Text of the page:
Mobile Applications | This article was reviewed by author(s), and the law is current as of March 13, 2018.
Whether a term of use is likely to be enforced as a contract by a court depends on whether the company can prove that the user consented to the documents (e.g., whether a contract was entered into). Whether a company can demonstrate that a contract has been entered into turns primarily on the design of the mobile application.
Definitions: Browsewrap and Clickwrap
“Clickwrap agreements are generally defined by the requirement that users ‘click’ some form of ‘I agree’ after being presented with a list of terms and conditions.” Plazza v. Airbnb Inc., 2018 WL 583122, *6 (S.D.N.Y. Jan. 26, 2018).
“[B]rowsewrap agreements are not presumptively unenforceable.” Plazza, 2018 WL 583122 at *6.
Design: What Will Courts Enforce?
Finally, it is prudent to obtain consent to updates to your terms of service. See e.g. Pincaro v. Glassdoor, Inc., 2017 WL 4046317, fn. 11 (S.D.N.Y. Sept. 12, 2017).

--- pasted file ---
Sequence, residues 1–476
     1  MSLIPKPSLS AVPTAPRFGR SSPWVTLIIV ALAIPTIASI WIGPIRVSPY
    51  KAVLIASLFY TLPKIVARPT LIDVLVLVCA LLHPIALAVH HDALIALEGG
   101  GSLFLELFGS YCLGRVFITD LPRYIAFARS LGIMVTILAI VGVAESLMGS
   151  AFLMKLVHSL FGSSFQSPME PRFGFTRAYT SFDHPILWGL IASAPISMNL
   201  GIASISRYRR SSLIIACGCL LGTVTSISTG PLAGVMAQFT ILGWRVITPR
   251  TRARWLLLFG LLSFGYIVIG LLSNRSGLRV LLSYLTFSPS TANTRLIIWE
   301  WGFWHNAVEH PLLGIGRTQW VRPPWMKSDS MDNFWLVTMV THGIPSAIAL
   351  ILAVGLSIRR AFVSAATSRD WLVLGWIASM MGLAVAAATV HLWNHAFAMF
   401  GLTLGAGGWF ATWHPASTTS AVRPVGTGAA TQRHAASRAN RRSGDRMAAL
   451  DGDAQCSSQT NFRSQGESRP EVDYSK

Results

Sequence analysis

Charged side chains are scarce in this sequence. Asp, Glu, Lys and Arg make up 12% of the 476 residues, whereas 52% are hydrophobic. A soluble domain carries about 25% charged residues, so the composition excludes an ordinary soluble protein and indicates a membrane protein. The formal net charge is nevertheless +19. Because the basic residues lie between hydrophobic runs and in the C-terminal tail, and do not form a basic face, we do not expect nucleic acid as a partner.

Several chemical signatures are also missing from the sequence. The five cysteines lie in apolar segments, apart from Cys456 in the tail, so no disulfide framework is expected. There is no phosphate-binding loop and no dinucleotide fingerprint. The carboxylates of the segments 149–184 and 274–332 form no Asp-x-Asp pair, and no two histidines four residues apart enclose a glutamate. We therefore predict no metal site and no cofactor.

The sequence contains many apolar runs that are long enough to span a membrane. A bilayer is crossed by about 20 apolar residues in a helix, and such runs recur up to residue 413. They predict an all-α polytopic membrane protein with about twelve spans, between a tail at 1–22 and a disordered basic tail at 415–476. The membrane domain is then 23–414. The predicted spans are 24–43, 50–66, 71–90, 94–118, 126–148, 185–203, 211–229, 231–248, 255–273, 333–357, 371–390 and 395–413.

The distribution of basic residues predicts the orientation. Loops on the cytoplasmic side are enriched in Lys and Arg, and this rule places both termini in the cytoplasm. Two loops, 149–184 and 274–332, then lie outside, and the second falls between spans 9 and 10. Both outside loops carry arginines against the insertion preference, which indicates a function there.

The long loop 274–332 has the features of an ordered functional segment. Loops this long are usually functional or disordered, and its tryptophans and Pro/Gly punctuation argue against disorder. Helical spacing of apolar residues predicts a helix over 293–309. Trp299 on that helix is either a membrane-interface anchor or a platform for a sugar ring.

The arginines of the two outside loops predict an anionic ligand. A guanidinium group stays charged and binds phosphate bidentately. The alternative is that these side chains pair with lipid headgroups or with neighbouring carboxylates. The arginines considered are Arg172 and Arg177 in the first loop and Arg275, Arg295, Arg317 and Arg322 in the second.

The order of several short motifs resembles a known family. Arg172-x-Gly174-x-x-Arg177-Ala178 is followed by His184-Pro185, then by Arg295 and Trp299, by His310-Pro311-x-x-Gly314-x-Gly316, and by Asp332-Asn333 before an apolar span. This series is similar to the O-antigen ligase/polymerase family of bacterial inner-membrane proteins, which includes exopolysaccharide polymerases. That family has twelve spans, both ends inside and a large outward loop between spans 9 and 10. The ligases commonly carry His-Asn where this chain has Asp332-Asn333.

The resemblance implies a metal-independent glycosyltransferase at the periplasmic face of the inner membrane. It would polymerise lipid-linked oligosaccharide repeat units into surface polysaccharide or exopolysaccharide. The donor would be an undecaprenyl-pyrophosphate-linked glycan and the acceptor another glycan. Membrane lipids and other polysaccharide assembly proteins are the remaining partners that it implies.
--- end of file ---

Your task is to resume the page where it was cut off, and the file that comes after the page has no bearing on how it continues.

- Use a font that is legible on all relevant platform devices (i.e., font sizes must not be so small on a mobile device as to be illegible).
- Require the click before the user can use the application.
- Track every click back to a verifiable account, so that if you ever need proof that a specific consumer consented, you have it.
- Think very carefully before relying on a browsewrap.There is no question that clickwrap is more cumbersome to the consumer and more burdensome to the company. There are ways to alleviate these concerns, by working with counsel to draft the appropriate approval process for the application to minimize risk and maximize consumer satisfaction.